W3C Opens Data on the Web with SPARQL

Author(s) and publish date


Powerful Technology for Querying Distributed and Diverse Data



http://www.w3.org/ -- 15 January 2008 -- W3C announced today the publication of SPARQL, the key standard for opening up data on the Semantic Web. With SPARQL query technology, pronounced "sparkle," people can focus on what they want to know rather than on the database technology or data format used behind the scenes to store the data. Because SPARQL queries express high-level goals, it is easier to extend them to unanticipated data sources, or even to port them to new applications.

"Trying to use the Semantic Web without SPARQL is like trying to use a relational database without SQL," explained Tim Berners-Lee, W3C Director. "SPARQL makes it possible to query information from databases and other diverse sources in the wild, across the Web."

There are already 14 known implementations of SPARQL, many of which are open source.

SPARQL Overcomes Traditional Query Language Limitations of Local Searches, Single Formats

Many successful query languages exist, including standards such as SQL and XQuery. These were primarily designed for queries limited to a single product, format, type of information, or local data store. Traditionally, it has been necessary to formulate the same high-level query differently depending on application or the specific arrangement chosen for the relational database. And when querying multiple data sources it has been necessary to write logic to merge the results. These limitations have imposed higher developer costs and created barriers to incorporating new data sources.

The goal of the Semantic Web is to enable people to share, merge, and reuse data globally. SPARQL is designed for use at the scale of the Web, and thus enables queries over distributed data sources, independent of format. Creating a single query across diverse data stores is easier than having to create multiple queries; it also costs less and provides richer results.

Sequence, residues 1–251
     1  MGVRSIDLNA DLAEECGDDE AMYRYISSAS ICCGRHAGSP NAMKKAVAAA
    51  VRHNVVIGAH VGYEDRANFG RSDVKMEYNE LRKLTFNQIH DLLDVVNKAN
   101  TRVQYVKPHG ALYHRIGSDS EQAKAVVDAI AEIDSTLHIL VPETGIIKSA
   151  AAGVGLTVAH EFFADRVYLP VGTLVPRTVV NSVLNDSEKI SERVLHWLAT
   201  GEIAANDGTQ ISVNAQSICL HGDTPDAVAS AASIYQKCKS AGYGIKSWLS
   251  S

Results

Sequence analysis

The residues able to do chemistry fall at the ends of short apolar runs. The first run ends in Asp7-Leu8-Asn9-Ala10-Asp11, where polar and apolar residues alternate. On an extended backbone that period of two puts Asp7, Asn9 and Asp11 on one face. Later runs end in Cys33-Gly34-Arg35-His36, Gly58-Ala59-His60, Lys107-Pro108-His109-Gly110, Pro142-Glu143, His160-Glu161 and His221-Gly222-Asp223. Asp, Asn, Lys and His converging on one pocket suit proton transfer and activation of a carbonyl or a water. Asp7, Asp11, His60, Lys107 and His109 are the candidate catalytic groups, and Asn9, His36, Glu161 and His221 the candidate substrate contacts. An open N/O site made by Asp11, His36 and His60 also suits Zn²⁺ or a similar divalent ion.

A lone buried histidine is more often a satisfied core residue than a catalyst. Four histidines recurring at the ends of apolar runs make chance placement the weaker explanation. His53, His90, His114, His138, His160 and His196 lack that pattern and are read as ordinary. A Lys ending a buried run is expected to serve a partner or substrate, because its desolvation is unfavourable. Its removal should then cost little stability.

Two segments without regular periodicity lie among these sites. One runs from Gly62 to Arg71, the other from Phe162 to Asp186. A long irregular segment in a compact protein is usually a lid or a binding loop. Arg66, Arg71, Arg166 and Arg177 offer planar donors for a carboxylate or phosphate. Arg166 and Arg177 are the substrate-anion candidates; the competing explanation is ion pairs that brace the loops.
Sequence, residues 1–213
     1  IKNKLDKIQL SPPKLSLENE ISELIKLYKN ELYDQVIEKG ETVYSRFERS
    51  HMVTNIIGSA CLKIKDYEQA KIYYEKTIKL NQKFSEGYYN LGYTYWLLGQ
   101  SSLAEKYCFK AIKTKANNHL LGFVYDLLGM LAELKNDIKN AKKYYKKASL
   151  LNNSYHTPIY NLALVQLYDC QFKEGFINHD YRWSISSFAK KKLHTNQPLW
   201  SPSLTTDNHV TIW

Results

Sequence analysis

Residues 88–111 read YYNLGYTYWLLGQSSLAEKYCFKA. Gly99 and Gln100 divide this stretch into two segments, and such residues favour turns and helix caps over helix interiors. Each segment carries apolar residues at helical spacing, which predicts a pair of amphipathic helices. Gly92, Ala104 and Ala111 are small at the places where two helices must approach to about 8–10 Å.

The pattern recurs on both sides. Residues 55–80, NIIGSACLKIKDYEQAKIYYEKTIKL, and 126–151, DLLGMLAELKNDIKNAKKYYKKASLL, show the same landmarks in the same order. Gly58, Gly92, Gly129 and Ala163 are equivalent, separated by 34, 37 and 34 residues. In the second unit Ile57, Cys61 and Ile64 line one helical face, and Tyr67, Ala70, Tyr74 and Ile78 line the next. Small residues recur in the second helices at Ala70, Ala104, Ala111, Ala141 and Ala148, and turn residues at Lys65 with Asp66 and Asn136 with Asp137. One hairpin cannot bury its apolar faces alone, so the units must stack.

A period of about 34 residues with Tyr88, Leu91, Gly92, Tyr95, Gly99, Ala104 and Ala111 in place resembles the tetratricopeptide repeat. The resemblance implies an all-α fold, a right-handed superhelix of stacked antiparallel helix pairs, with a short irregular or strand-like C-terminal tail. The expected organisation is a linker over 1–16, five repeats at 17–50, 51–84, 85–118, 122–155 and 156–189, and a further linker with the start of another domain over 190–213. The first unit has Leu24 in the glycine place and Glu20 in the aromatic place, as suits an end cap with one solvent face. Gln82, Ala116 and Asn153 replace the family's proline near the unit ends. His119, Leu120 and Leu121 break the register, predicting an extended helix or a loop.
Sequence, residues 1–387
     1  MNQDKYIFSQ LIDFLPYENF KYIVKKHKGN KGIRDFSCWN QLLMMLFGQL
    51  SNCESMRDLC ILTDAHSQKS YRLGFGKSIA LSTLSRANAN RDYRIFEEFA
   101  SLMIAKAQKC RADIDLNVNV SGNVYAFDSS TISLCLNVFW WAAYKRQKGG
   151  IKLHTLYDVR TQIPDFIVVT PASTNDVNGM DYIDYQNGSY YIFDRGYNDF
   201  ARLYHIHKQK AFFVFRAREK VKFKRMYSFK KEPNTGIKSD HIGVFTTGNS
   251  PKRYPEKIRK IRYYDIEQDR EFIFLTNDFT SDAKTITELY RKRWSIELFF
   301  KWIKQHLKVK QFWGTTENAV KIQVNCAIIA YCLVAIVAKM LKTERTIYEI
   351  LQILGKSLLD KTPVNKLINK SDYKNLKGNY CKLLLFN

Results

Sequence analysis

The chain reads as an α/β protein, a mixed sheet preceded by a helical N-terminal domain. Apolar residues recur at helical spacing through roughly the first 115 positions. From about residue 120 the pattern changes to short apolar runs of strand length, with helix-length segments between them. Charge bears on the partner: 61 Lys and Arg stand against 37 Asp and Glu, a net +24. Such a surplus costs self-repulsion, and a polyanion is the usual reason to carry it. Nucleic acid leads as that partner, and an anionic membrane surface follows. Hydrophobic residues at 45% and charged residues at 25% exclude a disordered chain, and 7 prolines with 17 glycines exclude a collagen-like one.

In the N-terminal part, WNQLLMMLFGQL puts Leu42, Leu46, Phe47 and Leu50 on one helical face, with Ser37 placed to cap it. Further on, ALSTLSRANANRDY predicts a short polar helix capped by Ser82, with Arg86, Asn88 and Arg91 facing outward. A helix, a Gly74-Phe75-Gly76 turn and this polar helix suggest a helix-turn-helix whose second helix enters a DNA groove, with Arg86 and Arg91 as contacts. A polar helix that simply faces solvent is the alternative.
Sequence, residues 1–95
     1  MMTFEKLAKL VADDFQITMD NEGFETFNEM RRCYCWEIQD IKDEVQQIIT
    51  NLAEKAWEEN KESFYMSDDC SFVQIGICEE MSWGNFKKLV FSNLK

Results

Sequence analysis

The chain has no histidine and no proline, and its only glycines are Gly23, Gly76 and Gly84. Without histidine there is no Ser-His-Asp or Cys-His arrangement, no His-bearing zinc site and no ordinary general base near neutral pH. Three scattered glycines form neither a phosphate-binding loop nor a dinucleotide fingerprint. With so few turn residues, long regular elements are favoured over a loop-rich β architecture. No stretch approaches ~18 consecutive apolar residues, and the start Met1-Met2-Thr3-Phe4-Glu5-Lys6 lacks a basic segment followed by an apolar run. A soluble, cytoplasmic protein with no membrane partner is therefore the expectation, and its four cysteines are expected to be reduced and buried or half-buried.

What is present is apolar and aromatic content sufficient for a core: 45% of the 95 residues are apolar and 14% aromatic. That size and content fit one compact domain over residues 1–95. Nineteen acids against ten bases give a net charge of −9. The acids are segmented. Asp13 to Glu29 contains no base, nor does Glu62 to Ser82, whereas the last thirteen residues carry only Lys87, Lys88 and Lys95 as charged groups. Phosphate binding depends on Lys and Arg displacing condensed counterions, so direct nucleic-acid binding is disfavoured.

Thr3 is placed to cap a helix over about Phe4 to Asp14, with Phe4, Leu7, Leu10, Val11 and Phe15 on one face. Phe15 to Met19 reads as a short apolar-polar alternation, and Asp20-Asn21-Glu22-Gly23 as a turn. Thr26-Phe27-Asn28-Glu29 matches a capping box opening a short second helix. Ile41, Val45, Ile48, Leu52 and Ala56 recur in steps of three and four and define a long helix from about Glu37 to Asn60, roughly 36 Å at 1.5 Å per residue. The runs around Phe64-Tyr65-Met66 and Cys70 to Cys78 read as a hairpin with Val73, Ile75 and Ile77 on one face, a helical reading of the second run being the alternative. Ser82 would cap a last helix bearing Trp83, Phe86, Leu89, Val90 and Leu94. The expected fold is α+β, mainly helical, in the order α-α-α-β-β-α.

Because SPARQL has no tie to a specific database format, it can be used to take advantage of the tidal wave of Web 2.0 data and mash it up with other Semantic Web resources. Furthermore, because disparate data sources may not have the same 'shape' or share the same properties, SPARQL is designed to query non-uniform data.

SPARQL Turns Data Access into a Web Service

The combination of the SPARQL query language and protocol creates a Web service in its purest sense; running on top of HTTP or SOAP, it provides a standard Web service for anything which asks a question.

"SPARQL's focus on querying the data models saves time for developers; there's no need for a host of little Web services to retrieve different aspects of the state of a system," explained Lee Feigenbaum, Chair of the RDF Data Access Working Group. "This allows the user of the SPARQL endpoint to ask any question -- it is as though they could design their own interface instead of having to work with a limited set of fixed services."